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Special day for Masapong students



LERATO’S face lights-up at the sight of a steamy bowl of beans and the staple food, papa.

This is the 11-year-old’s second meal after the carbohydrate-rich porridge she and 638 fellow pupils at Masapong Primary School had eaten for breakfast on Friday.

Masapong is situated in Nazareth, about 45 kilometres from the capital Maseru.

The children eat beans three times a week, which is a great source of low-fat protein, fibre, B Vitamins, iron, folate, potassium, magnesium and other vital nutrients.

Fish, which is also rich in low-fat protein, essential amino acids, Omega-3 fatty acids and Vitamin D, is served twice a week at the school.

With such a rich diet, no wonder the children at Masapong Primary School are happy, energetic and confident.

“I come to school every day without having to worry about breakfast at home because we are given food here. The food helps me participate in class and concentrate on my studies,” Lerato said.

Lerato and her elder sister stay with their grandmother in Ha-Molengoane village, situated about a kilometre from her school.

The children’s mother is a single parent and her whereabouts are unknown.

Lerato is one of the many children living in villages around Nazareth who, due to vulnerability, are forced to go to school on empty stomachs.

There are 242 orphans and vulnerable children at Masapong Primary School.

However, each weekday, many such children look forward to going to school because they know their problem of hunger would be solved — thanks to the World Food Programme’s (WFP) School Meals Programme, through which the organisation is reaching out to 200 000 pupils in 1 025 primary schools countrywide.

The programme, which is funded by the South African government to the tune of M180 million, seeks to arrest malnutrition among children. According to the Ministry of Health Nutritionist, Thithili Diaho, after diarrhoea and pneumonia, undernourishment is the third cause of mortality among children under five years of age.

The stunting rate in Lesotho is at an alarming 39 percent and underweight is moderate at 13,2 percent.

However, Friday was a special day for Masapong Primary School students, who had the opportunity to meet one of the key individuals instrumental in supporting the School Meals Programme in Lesotho.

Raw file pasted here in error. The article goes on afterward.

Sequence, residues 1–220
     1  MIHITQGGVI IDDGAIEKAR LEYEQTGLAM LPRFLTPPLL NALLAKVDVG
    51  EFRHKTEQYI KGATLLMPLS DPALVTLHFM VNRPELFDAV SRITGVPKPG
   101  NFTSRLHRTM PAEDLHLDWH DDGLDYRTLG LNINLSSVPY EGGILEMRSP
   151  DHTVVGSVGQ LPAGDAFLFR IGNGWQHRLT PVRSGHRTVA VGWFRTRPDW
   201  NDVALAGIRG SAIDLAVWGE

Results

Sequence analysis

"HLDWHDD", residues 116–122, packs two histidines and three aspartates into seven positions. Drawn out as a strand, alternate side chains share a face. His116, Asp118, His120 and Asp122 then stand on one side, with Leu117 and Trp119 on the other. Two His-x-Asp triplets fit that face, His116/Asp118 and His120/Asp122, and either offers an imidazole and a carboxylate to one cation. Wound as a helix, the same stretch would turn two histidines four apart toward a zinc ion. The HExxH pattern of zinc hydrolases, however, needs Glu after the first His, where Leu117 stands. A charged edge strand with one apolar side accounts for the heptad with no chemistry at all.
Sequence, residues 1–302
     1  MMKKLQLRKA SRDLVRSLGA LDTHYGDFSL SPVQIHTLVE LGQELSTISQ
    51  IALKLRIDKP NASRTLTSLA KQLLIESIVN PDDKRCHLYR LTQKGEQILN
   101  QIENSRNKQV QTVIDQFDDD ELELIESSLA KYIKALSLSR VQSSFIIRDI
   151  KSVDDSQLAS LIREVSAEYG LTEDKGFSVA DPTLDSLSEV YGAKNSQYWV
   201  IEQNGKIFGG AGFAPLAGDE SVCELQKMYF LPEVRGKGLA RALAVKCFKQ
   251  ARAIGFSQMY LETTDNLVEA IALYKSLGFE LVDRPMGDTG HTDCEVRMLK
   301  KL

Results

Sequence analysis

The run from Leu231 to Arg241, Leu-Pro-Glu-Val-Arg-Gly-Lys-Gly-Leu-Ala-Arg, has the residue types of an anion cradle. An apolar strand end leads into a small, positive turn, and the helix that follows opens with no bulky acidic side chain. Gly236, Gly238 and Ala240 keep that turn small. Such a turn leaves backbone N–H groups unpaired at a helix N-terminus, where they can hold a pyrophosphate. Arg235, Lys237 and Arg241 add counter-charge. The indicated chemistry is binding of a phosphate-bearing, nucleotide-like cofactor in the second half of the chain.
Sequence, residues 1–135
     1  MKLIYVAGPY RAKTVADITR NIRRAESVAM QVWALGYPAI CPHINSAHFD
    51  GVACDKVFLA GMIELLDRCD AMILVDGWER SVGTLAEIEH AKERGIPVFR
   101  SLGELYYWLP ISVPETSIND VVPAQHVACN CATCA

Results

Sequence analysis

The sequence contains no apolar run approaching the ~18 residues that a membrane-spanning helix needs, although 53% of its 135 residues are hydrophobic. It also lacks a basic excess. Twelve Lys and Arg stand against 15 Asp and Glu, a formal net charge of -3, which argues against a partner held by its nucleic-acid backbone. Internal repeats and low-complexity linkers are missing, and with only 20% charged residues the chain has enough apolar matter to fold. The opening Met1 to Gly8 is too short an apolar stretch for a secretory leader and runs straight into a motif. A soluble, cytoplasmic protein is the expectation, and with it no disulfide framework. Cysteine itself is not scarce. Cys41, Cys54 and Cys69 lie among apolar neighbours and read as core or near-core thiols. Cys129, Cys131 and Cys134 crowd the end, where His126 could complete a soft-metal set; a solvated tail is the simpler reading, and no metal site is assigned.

The Director General of International Relations and Cooperation (DIRCO) in South Africa, Jerry Matjila visited the school at a time Lesotho is undergoing political and security turbulence.

Ambassador Matjila’s mission was to assess the impact of the political situation on the children.

Accompanied by the First Secretary, Political, of the South African High Commission to Lesotho, Lebohang Seshoka, Ambassador Matjila and other delegates who included the WFP Country Representative, Mary Njoroge, had lunch with the pupils.

Later, accompanied by school officials, the delegation toured the school, food storage facility and the school-garden.

Ambassador Matjila said it would be sad if innocent children were caught up in the country’s current political and security instability.

“My wish is to see these children continue coming to school and eating their food. It’s good to see them happy and knowing that there is enough food in the storage for the whole term. I am happy that the WFP is managing the situation. This also gives us the confidence that the scheme is working,” Ambassador Matjila said.

He said South Africa was particular about the quality of food donated to Lesotho.

“We are making sure that we provide food that is fortified with nutrients that promote growth and the good health of the children. The food we give is of good quality and globally accepted.”

Ambassador Matjila said there was need to hold discussions over adding a fruit-basket to the children’s diet.

“Every child should eat at least one fruit per day and my assignment from here is to go and discuss the possibilities of introducing a fruit-basket,” he said.

The school has a garden and an orchard of peach trees, which produces seasonal fruits.

Mamahloka Mahloka, the school principal, said the school’s efforts to intensify the production of fruit-trees and vegetables was being hampered by lack of water.-WFP-Lesotho


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